Gordon Bell doesn’t need to remember, but has no chance of forgetting. At the age of 71, he is recording as much of his life as modern technology will allow, storing it all on a vast database: a digital facsimile of a life lived.
If he goes for a walk, a miniature camera that dangles from his neck snaps pictures every minute or so, immediately committing the scene to a memory built not of neurons but ones and noughts. If he wanders into a cafe, sensors note the change in light, the shift of temperature and squirrel the information away. Conversations are recorded and steps logged thanks to a GPS receiver carried with him.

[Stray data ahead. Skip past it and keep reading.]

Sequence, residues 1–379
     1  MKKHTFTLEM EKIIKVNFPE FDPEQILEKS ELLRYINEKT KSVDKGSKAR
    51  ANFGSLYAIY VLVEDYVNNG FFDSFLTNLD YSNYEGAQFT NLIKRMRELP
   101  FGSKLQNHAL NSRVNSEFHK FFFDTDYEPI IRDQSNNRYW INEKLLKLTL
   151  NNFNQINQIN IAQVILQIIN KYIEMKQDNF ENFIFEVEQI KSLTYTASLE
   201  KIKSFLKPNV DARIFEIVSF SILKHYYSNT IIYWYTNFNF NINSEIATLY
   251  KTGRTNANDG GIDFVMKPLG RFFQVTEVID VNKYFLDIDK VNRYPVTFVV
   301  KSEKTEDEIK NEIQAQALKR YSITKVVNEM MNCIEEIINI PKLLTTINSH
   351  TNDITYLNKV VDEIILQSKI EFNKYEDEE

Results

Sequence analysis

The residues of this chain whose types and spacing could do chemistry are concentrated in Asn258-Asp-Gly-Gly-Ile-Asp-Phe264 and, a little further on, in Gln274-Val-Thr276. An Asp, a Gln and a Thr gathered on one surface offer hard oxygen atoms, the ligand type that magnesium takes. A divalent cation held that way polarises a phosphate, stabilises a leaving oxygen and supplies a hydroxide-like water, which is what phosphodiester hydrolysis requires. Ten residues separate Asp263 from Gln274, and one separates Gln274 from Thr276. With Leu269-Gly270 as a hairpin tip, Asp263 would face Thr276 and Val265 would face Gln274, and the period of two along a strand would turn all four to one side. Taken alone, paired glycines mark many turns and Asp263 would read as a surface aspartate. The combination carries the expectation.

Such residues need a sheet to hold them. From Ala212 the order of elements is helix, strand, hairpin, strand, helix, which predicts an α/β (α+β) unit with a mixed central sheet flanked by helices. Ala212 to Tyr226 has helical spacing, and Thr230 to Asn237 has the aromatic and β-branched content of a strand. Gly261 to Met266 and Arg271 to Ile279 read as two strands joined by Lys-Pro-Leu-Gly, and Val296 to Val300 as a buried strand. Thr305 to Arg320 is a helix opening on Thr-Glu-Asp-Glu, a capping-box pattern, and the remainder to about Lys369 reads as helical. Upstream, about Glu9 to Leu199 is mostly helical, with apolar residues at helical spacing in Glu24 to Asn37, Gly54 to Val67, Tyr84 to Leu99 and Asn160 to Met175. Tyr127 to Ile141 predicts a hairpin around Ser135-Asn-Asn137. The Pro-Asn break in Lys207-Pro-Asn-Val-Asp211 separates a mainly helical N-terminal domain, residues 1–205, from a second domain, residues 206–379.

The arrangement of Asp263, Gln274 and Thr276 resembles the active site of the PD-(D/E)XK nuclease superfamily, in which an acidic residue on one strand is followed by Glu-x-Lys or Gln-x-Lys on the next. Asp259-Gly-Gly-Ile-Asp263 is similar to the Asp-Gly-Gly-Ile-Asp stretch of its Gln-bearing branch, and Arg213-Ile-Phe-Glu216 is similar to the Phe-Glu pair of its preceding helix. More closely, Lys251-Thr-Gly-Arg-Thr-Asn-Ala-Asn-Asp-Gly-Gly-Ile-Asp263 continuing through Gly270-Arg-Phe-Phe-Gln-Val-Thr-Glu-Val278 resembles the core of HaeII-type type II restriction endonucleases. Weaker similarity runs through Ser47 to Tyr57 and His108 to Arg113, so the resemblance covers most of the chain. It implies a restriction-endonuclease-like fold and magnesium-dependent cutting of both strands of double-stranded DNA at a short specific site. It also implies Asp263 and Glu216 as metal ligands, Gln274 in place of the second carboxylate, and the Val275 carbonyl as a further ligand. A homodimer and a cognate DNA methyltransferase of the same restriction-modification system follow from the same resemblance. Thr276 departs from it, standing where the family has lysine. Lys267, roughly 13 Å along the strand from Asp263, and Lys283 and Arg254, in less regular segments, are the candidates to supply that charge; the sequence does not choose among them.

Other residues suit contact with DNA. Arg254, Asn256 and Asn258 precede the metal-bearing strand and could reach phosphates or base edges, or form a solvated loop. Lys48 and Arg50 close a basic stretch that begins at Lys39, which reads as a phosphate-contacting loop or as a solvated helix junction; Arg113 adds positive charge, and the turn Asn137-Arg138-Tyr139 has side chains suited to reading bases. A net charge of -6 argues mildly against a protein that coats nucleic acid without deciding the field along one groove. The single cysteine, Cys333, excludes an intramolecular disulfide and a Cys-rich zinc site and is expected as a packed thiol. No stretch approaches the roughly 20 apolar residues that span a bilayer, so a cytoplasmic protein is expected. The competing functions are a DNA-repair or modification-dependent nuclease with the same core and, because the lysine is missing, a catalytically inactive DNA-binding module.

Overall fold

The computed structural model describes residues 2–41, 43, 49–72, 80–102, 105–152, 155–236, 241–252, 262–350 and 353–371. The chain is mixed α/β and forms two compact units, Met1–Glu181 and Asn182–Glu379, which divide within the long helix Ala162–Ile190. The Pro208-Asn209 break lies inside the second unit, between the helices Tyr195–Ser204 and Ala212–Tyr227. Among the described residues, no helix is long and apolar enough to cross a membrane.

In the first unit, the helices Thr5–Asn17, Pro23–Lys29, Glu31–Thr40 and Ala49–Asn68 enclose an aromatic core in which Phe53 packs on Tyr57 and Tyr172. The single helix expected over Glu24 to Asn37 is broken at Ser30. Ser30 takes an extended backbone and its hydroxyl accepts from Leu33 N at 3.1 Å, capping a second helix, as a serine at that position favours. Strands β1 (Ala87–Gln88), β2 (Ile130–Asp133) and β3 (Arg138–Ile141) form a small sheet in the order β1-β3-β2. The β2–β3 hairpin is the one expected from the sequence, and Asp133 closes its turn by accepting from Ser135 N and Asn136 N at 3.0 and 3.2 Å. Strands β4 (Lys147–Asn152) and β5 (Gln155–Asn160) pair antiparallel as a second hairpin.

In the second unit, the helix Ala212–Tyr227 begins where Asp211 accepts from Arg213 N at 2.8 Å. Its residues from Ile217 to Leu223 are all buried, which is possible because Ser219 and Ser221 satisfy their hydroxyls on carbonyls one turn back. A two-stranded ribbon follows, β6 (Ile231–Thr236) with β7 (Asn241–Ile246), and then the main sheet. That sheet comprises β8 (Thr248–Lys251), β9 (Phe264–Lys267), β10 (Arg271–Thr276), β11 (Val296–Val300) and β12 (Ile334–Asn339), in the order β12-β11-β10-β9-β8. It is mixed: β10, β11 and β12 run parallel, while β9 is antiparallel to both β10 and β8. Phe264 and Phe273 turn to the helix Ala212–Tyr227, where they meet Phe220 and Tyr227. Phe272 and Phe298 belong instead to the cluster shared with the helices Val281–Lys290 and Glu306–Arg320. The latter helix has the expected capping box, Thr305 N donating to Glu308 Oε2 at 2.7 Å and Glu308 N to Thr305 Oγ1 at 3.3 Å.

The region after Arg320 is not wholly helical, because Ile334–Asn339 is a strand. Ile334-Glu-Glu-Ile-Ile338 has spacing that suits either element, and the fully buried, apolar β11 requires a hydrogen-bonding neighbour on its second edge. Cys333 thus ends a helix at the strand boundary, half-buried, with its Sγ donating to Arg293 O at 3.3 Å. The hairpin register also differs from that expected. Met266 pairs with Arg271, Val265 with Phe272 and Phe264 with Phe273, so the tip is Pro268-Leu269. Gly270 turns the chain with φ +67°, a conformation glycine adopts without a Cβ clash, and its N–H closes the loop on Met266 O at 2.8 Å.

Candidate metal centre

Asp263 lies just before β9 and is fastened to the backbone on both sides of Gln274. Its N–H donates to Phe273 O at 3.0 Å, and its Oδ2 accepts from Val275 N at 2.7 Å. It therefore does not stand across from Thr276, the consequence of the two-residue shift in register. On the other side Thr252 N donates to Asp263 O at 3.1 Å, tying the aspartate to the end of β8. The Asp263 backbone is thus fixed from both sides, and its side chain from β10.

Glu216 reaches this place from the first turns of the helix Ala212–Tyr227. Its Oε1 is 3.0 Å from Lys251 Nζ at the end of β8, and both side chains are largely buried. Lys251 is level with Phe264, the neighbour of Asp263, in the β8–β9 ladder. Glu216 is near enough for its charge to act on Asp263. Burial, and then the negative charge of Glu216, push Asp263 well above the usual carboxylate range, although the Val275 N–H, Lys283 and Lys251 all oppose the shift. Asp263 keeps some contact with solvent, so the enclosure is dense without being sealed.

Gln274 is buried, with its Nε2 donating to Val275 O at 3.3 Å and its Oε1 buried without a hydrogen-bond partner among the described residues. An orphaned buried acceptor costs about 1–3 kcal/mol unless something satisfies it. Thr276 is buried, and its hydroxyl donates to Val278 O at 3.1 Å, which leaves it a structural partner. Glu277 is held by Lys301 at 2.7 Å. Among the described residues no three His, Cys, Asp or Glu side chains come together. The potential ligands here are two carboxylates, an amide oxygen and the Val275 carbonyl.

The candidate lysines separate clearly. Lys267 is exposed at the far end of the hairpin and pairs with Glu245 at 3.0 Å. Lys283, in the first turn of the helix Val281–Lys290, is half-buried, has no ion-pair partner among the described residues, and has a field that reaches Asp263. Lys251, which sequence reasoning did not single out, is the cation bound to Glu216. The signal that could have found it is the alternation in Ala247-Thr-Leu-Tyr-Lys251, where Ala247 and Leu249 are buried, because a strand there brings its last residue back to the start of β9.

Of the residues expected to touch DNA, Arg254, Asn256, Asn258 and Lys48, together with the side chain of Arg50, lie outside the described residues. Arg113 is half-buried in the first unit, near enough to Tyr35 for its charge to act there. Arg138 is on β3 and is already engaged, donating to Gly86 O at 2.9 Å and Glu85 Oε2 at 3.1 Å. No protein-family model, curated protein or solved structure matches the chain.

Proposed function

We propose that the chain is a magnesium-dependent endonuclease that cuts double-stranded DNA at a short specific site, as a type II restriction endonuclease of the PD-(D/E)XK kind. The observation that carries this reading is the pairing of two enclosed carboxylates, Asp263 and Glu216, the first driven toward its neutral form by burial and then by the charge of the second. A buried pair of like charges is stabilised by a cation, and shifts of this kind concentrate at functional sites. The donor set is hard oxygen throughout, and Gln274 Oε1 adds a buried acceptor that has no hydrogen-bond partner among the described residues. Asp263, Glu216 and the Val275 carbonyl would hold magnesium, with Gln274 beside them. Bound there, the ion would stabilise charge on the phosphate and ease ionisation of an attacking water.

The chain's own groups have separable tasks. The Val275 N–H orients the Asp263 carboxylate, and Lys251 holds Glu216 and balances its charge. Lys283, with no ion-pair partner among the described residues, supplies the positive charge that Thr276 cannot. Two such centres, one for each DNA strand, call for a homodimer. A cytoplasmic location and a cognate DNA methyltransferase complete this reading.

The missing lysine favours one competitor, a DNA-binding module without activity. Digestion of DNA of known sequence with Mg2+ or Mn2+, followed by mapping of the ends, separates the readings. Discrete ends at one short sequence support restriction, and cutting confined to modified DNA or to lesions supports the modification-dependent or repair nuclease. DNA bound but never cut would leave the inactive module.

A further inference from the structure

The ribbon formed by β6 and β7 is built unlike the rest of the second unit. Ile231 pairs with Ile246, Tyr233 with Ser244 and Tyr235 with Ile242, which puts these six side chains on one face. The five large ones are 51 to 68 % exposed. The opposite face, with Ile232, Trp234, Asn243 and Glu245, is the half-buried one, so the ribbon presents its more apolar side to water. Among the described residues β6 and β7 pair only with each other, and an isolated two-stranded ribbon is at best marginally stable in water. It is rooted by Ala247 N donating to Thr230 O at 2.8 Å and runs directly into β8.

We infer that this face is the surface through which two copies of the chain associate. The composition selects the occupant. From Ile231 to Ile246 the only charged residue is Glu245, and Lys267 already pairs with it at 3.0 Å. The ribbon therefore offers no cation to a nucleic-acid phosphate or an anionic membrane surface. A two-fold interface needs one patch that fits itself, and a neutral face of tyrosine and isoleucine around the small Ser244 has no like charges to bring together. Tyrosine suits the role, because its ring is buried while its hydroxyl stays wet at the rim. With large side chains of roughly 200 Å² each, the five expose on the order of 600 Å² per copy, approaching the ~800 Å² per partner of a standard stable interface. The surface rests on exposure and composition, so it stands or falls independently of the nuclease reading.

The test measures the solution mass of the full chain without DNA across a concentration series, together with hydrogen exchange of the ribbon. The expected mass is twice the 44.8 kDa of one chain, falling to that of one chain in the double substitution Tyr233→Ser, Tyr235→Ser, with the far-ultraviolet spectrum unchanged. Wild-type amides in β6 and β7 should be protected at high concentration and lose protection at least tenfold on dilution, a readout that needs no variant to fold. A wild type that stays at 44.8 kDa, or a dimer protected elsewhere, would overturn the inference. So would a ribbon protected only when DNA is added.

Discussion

Dr Bell has now stored so much of his life on computer that he is in danger of forgetting how to remember. “I look at it as a surrogate memory,” he says. If he wants to recall something, he switches on and picks his way through days and months of information until he finds what he is after. It was all dreamt up at Microsoft’s Bay Area Research Centre in San Francisco, where Dr Bell works…
Thanks to Wesley Bradley of Activate Design for spotting the broken link to Gordon Bell.